Along with this, all of the coverage that the Trayvon Martin case received also brought out the severe racial hatred a portion of the country has toward minorities. Although this case is quite old, I am referencing it because it is probably the most relevant to the racial themes in Pleasantville with how “minorities” and “change” are viewed. This case pretty much skyrocketed the term “thug” as it pertains to describing young black men and brought to light how black people are are perceived as being at least 8–10 years older than they actually are in the eyes of others. When you take both of these factors into account and tie them into the thought processes of individuals who are used to a certain way of life and rely on racial stereotypes, you get people who turn their confusion and fear into hatred and anger. This is exactly what ends up happening in Pleasantville. When this case first broke, so much hate stemmed from it on both sides of the fence. So much so that whether people sided with Martin or Zimmerman, so many people acted just like the rioting citizens in Pleasantville that wanted to protect themselves from their perceived “threat”.
Unfortunately, there are way too many shootings for me to draw comparisons from with this but I think the point comes across the same way no matter which one I bring up. What this seemingly omniscient film shows us is that, when comfort zones are disrupted and major change occurs, most people immediately allow their emotions to take over and block their ability to reason and empathize. There is an old saying that states we always fear what we don’t understand. Pleasantville really brought this to life by showing the extremes fear can be taken to and how it almost always leads to severe destruction.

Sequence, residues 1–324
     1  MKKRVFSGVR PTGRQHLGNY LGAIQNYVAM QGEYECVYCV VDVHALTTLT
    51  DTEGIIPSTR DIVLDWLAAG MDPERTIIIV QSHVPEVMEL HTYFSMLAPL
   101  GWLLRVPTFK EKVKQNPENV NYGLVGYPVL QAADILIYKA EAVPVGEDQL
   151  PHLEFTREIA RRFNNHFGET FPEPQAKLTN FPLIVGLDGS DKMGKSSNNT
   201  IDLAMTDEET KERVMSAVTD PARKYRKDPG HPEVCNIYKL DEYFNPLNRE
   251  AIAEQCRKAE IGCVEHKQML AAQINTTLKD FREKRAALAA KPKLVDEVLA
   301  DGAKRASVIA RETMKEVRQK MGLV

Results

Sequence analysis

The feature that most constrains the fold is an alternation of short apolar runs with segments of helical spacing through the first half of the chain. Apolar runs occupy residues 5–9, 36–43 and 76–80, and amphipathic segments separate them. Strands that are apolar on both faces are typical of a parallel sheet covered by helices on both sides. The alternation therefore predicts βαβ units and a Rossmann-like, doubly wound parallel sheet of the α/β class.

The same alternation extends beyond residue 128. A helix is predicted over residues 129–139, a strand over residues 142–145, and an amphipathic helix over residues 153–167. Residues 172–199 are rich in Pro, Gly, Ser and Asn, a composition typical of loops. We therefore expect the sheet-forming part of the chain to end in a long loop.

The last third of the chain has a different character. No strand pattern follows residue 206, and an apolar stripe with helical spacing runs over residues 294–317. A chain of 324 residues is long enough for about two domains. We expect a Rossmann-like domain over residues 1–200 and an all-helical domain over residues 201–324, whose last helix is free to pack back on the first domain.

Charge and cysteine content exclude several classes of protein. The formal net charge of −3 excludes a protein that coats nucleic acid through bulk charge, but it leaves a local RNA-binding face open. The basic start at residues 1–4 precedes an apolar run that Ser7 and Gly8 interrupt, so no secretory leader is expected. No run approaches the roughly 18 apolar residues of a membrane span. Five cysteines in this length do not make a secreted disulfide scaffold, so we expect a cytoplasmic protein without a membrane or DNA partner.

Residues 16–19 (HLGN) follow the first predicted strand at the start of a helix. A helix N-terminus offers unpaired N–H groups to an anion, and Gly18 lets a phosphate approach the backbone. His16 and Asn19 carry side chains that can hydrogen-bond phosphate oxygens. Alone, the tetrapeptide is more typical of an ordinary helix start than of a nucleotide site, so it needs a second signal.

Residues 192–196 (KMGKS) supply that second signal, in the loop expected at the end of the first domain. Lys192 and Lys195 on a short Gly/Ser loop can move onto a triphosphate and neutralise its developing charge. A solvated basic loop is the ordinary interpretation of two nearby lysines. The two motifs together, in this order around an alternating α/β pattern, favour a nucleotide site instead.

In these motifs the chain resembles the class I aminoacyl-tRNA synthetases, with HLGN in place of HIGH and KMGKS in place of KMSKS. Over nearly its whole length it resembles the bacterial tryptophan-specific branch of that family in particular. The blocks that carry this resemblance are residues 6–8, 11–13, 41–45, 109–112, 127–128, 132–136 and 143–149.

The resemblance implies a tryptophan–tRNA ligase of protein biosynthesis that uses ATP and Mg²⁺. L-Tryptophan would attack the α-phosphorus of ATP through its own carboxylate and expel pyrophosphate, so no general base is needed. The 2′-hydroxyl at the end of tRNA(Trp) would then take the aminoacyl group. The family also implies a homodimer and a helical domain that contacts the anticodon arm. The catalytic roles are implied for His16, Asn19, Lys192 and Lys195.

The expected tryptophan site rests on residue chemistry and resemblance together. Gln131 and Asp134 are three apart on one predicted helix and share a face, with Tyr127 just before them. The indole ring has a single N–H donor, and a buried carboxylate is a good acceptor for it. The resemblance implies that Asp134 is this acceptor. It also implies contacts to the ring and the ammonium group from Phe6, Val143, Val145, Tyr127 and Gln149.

This film does delve deep into a very dark part of any society but also ends on a fairly positive note. Not to ruin it for those of you who have not seen this movie, but the way it ends is kind of an ode to what we hope situations like this could end like. All I’ll really add to the resolution of this film is that although it ends in a dream-like state, it does show how the turn of events really changed David and how it’s given him insight beyond his teenage mind and overall youthful view of the world.
Pleasantville is an amazing film whose themes can speak volumes to the current state of our society today in one way or another. This country is no longer the “Leave it to Beaver” America it once used to seem like or the extremely hateful America it used to be during radical portions the Civil Rights era but, we are a country that exists somewhere between these two extremes. Our society still struggles with change, whether it be related to race, the LGBT community or political reform, but there is still hope that we can have the more realistic dream-like ending Pleasantville has.